Tuesday, July 26, 2011

One bad egg

Any false move lifting this egg from the nest box and it would have broken wide open. The shell felt like very thin, very brittle leather. If I knew which hen had laid this parchment-shelled egg, I'd know which hen was reaching the true end of her laying life. Then I suppose the cull-or-not-cull decision would have to be made.

But I don't know, and spying on the hens probably isn't going to happen. We're probably just going to wait until all of the hens are showing signs of age. Personally, I'd rather cull the entire flock and start over with new chicks in the future versus pulling out only one hen now. Besides, that way, the flock's balance of personalities can continue to balance one another as well as they do currently.

As I've written about before, deciding to keep backyard poultry inevitably raises questions like this. I know what my decision is already, as I also know that I don't have to cull too soon. The weak-egg layer can coast a bit more. I'll up their oyster shells to help and patiently wait for the younger birds to catch up. Then they'll go on to their next stage, and the chick to hen to egg layer cycle will begin again.


Kristin said...

Don't you agree that people need to have a plan before they start raising chickens about what they're going to do with their chickens once they've stopped laying; or the owner tires of raising them? (This goes for rabbits and ducks as well.)

'Course this problem happens with excess puppies and kittens too--not enough homes for all of the unwanted domesticated animals.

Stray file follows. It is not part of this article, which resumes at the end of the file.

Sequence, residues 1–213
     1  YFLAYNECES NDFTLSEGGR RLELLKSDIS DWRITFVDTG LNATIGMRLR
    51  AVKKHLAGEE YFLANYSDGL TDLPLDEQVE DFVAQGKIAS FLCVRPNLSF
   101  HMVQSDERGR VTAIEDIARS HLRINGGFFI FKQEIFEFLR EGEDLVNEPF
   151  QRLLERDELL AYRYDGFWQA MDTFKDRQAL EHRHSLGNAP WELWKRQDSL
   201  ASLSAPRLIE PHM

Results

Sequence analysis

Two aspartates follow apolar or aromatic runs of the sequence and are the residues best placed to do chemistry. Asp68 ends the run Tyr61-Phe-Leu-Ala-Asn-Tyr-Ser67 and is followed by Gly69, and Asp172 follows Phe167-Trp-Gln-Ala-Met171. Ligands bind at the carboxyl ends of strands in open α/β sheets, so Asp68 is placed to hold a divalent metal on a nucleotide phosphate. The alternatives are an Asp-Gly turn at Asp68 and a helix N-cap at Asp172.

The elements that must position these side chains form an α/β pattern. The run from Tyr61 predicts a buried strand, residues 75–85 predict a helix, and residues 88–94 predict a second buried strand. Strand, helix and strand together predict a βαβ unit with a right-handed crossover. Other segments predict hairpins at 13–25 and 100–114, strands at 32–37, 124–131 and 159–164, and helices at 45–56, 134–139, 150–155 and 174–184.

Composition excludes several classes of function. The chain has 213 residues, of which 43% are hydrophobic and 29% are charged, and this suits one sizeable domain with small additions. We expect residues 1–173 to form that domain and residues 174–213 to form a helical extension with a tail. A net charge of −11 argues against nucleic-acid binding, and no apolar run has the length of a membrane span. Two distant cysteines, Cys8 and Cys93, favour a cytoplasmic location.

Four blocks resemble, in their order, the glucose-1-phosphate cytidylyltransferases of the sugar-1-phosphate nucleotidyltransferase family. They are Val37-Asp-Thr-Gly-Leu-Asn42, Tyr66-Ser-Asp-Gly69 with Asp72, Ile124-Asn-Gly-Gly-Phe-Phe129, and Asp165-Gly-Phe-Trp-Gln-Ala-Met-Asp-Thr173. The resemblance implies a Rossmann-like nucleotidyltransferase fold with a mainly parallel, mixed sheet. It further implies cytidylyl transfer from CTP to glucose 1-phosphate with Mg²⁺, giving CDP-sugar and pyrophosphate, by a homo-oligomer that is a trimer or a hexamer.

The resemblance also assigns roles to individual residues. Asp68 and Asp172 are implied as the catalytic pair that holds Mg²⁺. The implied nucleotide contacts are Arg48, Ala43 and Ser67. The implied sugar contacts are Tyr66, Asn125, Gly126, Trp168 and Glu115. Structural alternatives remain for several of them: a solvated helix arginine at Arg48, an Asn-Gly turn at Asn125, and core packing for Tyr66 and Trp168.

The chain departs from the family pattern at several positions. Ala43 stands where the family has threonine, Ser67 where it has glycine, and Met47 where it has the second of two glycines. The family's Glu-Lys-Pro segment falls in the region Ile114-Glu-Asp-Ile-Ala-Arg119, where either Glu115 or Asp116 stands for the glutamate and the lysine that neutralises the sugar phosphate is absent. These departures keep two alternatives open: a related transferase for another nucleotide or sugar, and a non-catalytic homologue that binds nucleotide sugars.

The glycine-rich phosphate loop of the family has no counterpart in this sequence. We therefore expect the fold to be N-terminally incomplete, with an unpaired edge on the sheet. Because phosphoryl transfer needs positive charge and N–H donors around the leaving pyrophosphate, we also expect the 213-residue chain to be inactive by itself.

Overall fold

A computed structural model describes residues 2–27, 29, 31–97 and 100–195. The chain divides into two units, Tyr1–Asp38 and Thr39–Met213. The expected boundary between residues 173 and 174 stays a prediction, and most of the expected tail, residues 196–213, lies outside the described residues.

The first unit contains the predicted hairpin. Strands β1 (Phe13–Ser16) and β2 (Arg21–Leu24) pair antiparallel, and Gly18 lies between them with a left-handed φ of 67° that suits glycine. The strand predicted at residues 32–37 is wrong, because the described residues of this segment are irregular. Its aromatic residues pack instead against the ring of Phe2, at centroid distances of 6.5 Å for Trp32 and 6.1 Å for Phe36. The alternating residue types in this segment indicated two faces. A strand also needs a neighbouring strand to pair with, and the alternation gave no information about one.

Just this past week I've been asked if I'd like chickens, roosters, and even a duck.

I hope the oyster shell will help your layer.

Anonymous said...

Ann started her new flock last November so they woud be up and laying with the increasing light this spring. That seems like a better idea than having hens just starting to lay in time for winter.

Good luck.


Heiko said...

That's one wrinkly egg! I agree with Kristin, you have to have a plan before launching into the chicken thing. Aquaintances of ours recently bought hens before they had a coop. Needless to say, their local fox had a good meal...

Stefaneener said...

Kristin, absoLUTEly. But it's apparently human naure not to always do so, says the woman with four children who just realized it means four adolescences . . .

Did you take the animals? Do you want another child?

Birgitt, it is a good idea. I think we might plan for that next year. They have some more time in them.

Heiko, oh no! What a silly thing. My bees came before the hive, but at least I didn't go get them.